…..

Today we are deeply concerned about the continued imprisonment of defenders across the world, despite their exposure to and high risk of contracting COVID-19. Numerous health authorities and human rights organisations have denounced the risks of COVID-19 for prisoners held in crowded conditions. …[ See e.g. also: https://humanrightsdefenders.blog/2020/04/23/civicus-and-600-ngos-dont-violate-human-rights-while-responding-to-covid-19/; https://humanrightsdefenders.blog/2020/04/14/un-guidelines-for-use-of-emergency-powers-in-time-of-covid-19-pandemic/%5D

Despite the tragedy of lives lost and significant economic damage, we believe this crisis will also present opportunities for a better world. Now is the time to remedy the unjust detention of these individuals. By releasing our brothers and sisters – Ilham, Ahmed, Nabeel, Abdullah, and Nasrin – the leaders of your nations would demonstrate their capacity for mercy and responsibility. We therefore call on your government to free our fellow Martin Ennals Award winners immediately, as well as all human rights defenders in detainment, so that their physical integrity is ensured, and they can receive appropriate medical and psychological support.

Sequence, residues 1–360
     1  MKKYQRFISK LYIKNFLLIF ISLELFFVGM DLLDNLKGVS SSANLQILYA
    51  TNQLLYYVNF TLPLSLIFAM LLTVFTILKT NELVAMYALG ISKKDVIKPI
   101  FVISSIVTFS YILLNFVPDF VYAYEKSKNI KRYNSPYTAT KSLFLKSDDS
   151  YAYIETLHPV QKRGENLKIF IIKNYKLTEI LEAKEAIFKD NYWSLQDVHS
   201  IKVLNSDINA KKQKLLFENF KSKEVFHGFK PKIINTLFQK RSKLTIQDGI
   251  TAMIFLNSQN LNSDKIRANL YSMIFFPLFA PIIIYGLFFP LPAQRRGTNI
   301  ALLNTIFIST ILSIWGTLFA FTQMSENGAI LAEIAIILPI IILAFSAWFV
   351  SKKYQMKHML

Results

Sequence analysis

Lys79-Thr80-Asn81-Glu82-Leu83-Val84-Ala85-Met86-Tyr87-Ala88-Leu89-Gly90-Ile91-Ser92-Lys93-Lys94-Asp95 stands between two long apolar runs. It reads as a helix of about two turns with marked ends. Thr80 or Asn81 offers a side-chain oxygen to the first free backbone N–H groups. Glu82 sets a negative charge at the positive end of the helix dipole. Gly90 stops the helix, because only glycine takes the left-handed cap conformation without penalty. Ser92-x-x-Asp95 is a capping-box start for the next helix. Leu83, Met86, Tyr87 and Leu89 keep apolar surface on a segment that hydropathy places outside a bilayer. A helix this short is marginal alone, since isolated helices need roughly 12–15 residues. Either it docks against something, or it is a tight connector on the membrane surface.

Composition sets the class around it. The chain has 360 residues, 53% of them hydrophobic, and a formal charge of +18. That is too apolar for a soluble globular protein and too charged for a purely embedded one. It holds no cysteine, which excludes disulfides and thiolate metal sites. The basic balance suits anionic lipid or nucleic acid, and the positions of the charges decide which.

Signed:

Huda al-Sarari
Yemen, Laureate 2020

Norma Librada Ledezma
Mexico, Finalist 2020

Sizani Ngubane
South Africa, Finalist 2020

Abdul Aziz Mohamat
Sudan, Laureate 2019

Eren Keskin
Turkey, Finalist 2019

Marino Córdoba
Colombia, Finalist 2019

Mohamed Zaree
Egypt, Laureate 2017

Karla Avelar
El Salvador, Finalist 2017

Asmaou Diallo
Guinea, Finalist 2015

Adilur Rahman Khan
Bangladesh, Finalist 2014

Mona Seif
Egypt, Finalist 2013

Bahrain Center for Human Rights, Finalist 2012

Arnold Tsunga
Zimbabwe, Laureate 2006

Clement Nwankwo
Nigeria, Laureate 1996

—-

https://www.martinennalsaward.org/the-mea-winners-are-calling-for-the-release-of-imprisoned-hrd-including-their-fellow-award-winner/

Huda Al-Sarari is the laureate of the 2020 Martin Ennals Award for human rights defenders

February 22, 2020